Similarly, we need to reach out to ‘fine boat’ and traditional coastal rowing clubs who can compete at a high level in our ‘World Rowing’ standard coastal boats. 2021 has seen a significant increase in the number of people competing in multiple boat classes and really enjoying them.


By working together, we can help to increase membership and participation at all clubs by attracting more people. Coastal rowing is still at a very early stage of development, and we need to learn from each other. Save the competition for the water, not the club committee room.



Pendine, Wales


Performance


Clearly there are some ‘stand out’ teams and athletes emerging. The Ukrainian team and Spain’s Adrian Miramon are giving extraordinary performances and setting a new standard. Participation by Olympic level athletes in increasing, a trend that looks as though it will continue.


For those who have ‘grown up’ with coastal rowing, it is now time to decide whether to adopt the more progressive and intensive training/coaching or to lower their expectations in competition.


Whatever you decide to do, it is fascinating to see these athletes in action and awesome to have the opportunity to compete alongside them (well at least at the start anyway) … If you have a chance just take a look over their shoulder at the erg times they are pulling when warming up before a race…!?


The opportunity for club rowers to compete alongside Olympic athletes is extraordinary and remains a differentiator for our sport. Long may it continue.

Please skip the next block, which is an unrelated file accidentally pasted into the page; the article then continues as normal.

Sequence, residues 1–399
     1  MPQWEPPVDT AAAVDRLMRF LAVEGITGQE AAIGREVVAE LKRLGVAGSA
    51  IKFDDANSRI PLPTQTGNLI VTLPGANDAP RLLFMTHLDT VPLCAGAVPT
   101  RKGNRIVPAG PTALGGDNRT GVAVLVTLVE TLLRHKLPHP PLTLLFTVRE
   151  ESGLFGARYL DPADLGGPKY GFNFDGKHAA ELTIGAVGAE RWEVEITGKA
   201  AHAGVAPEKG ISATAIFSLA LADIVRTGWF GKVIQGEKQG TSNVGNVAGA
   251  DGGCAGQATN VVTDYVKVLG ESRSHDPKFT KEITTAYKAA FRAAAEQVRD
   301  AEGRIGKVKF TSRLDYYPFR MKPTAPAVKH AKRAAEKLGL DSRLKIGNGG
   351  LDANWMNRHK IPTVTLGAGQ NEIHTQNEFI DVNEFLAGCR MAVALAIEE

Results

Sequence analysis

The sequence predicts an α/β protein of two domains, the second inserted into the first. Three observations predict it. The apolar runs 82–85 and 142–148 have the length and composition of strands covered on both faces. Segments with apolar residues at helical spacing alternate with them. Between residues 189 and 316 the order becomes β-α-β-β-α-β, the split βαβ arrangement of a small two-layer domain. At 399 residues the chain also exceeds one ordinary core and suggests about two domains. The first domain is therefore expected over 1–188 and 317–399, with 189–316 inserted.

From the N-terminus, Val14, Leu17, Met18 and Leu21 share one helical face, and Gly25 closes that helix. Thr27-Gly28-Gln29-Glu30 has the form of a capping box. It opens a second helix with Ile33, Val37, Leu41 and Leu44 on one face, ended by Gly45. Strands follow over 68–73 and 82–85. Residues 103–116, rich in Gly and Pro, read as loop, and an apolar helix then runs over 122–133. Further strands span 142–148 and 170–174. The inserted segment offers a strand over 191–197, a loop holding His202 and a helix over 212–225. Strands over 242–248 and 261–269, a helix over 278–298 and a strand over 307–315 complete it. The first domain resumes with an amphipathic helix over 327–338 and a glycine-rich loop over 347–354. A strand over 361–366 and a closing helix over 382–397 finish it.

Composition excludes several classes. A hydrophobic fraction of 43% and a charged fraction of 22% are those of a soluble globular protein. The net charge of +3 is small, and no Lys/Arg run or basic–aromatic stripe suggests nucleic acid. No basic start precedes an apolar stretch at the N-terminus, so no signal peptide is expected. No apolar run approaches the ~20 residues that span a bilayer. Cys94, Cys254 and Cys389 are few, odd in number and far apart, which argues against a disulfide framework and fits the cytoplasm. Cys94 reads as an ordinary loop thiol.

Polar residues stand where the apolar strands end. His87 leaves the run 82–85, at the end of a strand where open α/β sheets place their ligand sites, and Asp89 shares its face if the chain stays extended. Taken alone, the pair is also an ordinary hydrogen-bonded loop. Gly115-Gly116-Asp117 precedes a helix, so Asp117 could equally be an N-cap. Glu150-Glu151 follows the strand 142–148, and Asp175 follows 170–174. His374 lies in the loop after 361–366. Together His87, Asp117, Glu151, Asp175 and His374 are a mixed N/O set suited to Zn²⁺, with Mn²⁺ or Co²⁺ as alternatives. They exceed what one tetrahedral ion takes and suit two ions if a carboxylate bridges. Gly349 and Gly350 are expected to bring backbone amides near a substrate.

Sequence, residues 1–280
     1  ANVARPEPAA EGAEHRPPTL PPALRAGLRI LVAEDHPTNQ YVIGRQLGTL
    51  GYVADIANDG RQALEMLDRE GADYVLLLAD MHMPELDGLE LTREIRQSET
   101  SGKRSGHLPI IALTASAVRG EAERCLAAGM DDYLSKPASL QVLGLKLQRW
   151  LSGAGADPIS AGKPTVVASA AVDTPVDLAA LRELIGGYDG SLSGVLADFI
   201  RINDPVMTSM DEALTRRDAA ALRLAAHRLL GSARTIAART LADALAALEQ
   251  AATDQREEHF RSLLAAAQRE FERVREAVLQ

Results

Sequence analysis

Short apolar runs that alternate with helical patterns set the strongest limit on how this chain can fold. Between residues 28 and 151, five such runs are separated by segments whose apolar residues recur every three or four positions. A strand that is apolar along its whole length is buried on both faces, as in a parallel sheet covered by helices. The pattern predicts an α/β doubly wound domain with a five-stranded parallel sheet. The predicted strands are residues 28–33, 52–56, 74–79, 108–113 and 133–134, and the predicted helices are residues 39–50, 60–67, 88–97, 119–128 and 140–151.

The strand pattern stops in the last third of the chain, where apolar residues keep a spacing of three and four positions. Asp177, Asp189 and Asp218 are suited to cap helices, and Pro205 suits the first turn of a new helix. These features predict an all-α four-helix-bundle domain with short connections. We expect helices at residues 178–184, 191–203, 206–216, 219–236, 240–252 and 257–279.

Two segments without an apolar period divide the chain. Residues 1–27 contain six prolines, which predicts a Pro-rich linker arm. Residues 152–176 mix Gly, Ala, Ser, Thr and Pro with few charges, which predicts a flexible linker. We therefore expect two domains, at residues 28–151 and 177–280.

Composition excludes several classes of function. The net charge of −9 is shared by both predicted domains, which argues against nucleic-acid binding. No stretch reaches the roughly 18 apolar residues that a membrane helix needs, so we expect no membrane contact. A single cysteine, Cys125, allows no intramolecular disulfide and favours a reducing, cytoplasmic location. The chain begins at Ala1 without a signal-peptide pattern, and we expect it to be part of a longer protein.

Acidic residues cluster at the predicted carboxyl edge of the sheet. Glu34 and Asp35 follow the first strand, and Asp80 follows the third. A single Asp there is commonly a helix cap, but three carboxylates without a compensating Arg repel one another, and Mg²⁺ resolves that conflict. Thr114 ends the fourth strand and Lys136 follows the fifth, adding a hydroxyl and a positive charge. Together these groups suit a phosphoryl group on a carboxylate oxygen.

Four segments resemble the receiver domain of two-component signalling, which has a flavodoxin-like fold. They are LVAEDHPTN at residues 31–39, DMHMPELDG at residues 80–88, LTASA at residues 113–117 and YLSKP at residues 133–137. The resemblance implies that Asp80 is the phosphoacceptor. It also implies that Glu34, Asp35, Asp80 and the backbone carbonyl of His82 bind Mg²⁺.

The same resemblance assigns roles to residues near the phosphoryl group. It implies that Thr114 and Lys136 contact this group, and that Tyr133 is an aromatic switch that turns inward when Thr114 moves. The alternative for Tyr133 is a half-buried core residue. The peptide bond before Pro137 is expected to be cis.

Saundersfoot, Wales



So, what for 2022?


2022 already looks as though it will be an action-packed year… I’m already finding it difficult to find calendar slots for family holidays…!


We should expect to see the standard of rowing continuing to increase in a wider variety of boats and locations.


The World Championship in Saundersfoot promises to bring something different to previous competitions. With potentially stormy Autumn weather conditions and lower temperatures. Athletes will need to prepare themselves – much as we did for the Beach Sprints and Offshores in 2019 where we trained in UK horizontal rain and 8-12 deg C temperatures for racing on 28-30 deg C in the warm waters of China.


This is a chance for rowers from across the world to see and experience the Welsh sea conditions and culture. Several rowers stayed in region after this year’s World and European events, maybe 2022 provides the opportunity for competitors to visit and acclimatise at rowing locations around the UK – taking advantage of equipment at the clubs and centres?


Many people are also looking forward to the European Championships in San Sebastian which has such strong history of coastal rowing.


See you on a beach somewhere soon!



Here is a link to the first blog in this series: https://www.positivefloat.info/post/2021-a-year-of-coastal-rowing